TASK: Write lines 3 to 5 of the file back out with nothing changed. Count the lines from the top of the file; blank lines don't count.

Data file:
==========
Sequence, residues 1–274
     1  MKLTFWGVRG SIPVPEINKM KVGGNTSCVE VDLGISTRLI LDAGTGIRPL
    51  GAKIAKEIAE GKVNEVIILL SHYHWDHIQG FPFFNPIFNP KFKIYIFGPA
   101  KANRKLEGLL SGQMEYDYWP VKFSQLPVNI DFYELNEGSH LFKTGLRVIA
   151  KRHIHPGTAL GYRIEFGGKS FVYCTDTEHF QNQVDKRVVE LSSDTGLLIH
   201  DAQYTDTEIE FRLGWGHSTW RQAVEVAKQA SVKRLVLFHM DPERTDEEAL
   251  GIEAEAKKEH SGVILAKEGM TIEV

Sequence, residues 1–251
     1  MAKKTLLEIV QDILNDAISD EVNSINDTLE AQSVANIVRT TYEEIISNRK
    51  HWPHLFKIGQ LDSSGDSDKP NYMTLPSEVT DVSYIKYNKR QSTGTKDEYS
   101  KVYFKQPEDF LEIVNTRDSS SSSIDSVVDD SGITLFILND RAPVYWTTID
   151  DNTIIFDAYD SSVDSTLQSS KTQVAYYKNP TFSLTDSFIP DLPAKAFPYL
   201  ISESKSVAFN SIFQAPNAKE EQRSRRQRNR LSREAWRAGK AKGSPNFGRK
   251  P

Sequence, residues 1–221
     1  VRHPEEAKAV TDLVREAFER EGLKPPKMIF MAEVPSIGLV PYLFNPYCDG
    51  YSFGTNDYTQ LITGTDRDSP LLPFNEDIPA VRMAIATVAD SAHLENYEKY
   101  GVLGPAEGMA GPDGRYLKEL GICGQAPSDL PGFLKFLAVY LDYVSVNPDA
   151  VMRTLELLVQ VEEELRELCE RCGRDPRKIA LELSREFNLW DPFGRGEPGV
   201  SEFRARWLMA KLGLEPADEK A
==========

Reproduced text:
    51  GAKIAKEIAE GKVNEVIILL SHYHWDHIQG FPFFNPIFNP KFKIYIFGPA
   101  KANRKLEGLL SGQMEYDYWP VKFSQLPVNI DFYELNEGSH LFKTGLRVIA
   151  KRHIHPGTAL GYRIEFGGKS FVYCTDTEHF QNQVDKRVVE LSSDTGLLIH